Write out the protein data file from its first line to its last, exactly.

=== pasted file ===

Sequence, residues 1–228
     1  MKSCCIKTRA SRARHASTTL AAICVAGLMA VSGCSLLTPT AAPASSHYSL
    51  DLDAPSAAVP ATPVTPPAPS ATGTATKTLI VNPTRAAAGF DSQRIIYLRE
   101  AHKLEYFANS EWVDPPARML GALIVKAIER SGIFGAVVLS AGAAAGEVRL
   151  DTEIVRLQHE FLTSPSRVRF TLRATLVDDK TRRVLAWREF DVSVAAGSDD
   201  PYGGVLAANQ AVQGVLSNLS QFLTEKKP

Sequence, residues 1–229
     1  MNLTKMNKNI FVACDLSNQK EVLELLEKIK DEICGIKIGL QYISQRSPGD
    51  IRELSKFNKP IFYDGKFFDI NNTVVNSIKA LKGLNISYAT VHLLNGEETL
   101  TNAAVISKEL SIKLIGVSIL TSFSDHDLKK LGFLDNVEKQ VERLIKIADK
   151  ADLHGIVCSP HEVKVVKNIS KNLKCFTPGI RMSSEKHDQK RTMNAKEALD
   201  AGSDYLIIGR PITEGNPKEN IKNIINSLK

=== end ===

Sequence, residues 1–228
     1  MKSCCIKTRA SRARHASTTL AAICVAGLMA VSGCSLLTPT AAPASSHYSL
    51  DLDAPSAAVP ATPVTPPAPS ATGTATKTLI VNPTRAAAGF DSQRIIYLRE
   101  AHKLEYFANS EWVDPPARML GALIVKAIER SGIFGAVVLS AGAAAGEVRL
   151  DTEIVRLQHE FLTSPSRVRF TLRATLVDDK TRRVLAWREF DVSVAAGSDD
   201  PYGGVLAANQ AVQGVLSNLS QFLTEKKP

Sequence, residues 1–229
     1  MNLTKMNKNI FVACDLSNQK EVLELLEKIK DEICGIKIGL QYISQRSPGD
    51  IRELSKFNKP IFYDGKFFDI NNTVVNSIKA LKGLNISYAT VHLLNGEETL
   101  TNAAVISKEL SIKLIGVSIL TSFSDHDLKK LGFLDNVEKQ VERLIKIADK
   151  ADLHGIVCSP HEVKVVKNIS KNLKCFTPGI RMSSEKHDQK RTMNAKEALD
   201  AGSDYLIIGR PITEGNPKEN IKNIINSLK